Here, you are urged and encouraged to run your mouths about something important.

Sunday, October 2, 2011

Police Herd Wall Street Protesters like Cattle, Arrest Hundreds

Two days ago, it was reported that the Occupy Wall St. protesters got lost when they tried to march on NYPD HQ. It looks like the Police got the best of the whack-a-doodle bunch again yesterday, when a few protesters broke away from the pack in an attempt to shut down the Brooklyn Bridge. Apparently, this flash of brilliance enticed others to join them. The police allowed the protesters to march on the bridge... for a while. That's because they were waiting for them farther down the bridge with orange netting and nylon handcuffs. The only thing missing was a border collie or two.

Via NYT:
In a tense showdown above the East River, the police arrested more than 700 demonstrators from the Occupy Wall Street protests who took to the roadway as they tried to cross the Brooklyn Bridge on Saturday afternoon.

The police said it was the marchers’ choice that led to the enforcement action.

“Protesters who used the Brooklyn Bridge walkway were not arrested,” Paul J. Browne, the chief spokesman for the New York Police Department, said. “Those who took over the Brooklyn-bound roadway, and impeded vehicle traffic, were arrested.”

But many protesters said they believed the police had tricked them, allowing them onto the bridge, and even escorting them partway across, only to trap them in orange netting after hundreds had entered.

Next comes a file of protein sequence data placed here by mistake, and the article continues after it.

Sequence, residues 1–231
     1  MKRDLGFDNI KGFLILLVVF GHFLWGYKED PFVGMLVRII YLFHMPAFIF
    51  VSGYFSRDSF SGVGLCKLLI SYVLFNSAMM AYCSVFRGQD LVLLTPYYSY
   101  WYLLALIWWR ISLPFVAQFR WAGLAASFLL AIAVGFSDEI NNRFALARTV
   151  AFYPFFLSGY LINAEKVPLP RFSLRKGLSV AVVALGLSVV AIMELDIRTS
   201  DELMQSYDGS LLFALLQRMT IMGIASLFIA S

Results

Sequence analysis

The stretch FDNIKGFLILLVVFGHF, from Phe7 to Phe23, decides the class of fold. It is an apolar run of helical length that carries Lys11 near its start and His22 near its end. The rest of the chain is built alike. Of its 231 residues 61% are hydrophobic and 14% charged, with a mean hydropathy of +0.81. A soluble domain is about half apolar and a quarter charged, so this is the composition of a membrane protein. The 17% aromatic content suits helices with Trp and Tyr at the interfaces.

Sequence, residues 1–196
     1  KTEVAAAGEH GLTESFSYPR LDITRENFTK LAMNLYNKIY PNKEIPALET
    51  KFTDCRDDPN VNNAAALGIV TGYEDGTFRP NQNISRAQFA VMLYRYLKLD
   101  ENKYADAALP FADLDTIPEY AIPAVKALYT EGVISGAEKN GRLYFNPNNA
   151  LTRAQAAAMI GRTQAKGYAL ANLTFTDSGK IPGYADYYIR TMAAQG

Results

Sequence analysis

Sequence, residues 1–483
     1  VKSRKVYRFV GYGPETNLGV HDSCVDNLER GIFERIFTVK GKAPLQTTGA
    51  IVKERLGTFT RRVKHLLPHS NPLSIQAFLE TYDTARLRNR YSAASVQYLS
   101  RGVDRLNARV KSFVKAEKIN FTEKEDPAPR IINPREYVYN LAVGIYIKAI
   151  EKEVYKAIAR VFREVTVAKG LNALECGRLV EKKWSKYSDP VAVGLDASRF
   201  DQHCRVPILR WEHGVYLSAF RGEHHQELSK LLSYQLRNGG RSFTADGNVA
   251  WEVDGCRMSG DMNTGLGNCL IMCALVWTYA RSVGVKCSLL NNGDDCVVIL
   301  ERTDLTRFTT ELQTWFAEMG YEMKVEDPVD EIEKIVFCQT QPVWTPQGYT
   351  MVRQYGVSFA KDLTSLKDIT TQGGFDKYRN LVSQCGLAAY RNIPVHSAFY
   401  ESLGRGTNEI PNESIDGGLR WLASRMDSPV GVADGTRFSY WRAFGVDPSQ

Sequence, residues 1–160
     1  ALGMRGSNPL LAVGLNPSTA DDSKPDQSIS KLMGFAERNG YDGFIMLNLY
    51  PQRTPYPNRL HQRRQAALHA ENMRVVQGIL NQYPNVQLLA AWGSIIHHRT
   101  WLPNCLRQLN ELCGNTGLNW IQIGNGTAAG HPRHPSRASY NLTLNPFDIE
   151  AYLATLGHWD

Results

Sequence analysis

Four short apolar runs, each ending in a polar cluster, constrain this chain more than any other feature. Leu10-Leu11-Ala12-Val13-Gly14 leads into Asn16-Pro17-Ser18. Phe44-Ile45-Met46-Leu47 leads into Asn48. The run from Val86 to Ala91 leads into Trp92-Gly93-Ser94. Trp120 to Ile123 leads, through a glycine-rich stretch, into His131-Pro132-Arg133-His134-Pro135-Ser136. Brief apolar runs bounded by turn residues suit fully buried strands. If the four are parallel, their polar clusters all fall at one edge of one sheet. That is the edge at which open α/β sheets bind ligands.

“The cops watched and did nothing, indeed, seemed to guide us onto the roadway,” said Jesse A. Myerson, a media coordinator for Occupy Wall Street who marched but was not arrested.
Here is another account of how the police dealt with these mental / emotional juveniles, who don't even know why they're protesting:
Where the entrance to the bridge narrowed their path, some marchers, including organizers, stuck to the generally agreed-upon route and headed up onto the wooden walkway that runs between and about 15 feet above the bridge’s traffic lanes.

But about 20 others headed for the Brooklyn-bound roadway, said Christopher T. Dunn of the New York Civil Liberties Union, who accompanied the march. Some of them chanted “take the bridge.” They were met by a handful of high-level police supervisors, who blocked the way and announced repeatedly through bullhorns that the marchers were blocking the roadway and that if they continued to do so, they would be subject to arrest.

There were no physical barriers, though, and at one point, the marchers began walking up the roadway with the police commanders in front of them – seeming, from a distance, as if they were leading the way. The Chief of Department Joseph J. Esposito, and a horde of other white-shirted commanders, were among them.

After allowing the protesters to walk about a third of the way to Brooklyn, the police then cut the marchers off and surrounded them with orange nets on both sides, trapping hundreds of people, said Mr. Dunn. As protesters at times chanted “white shirts, white shirts,” officers began making arrests, at one point plunging briefly into the crowd to grab a man.

The police said that those arrested were taken to several police stations and were being charged with disorderly conduct, at a minimum.
Today, NYPD police are probably high-fiving each other, laughing their butts off.

h/t Drudge

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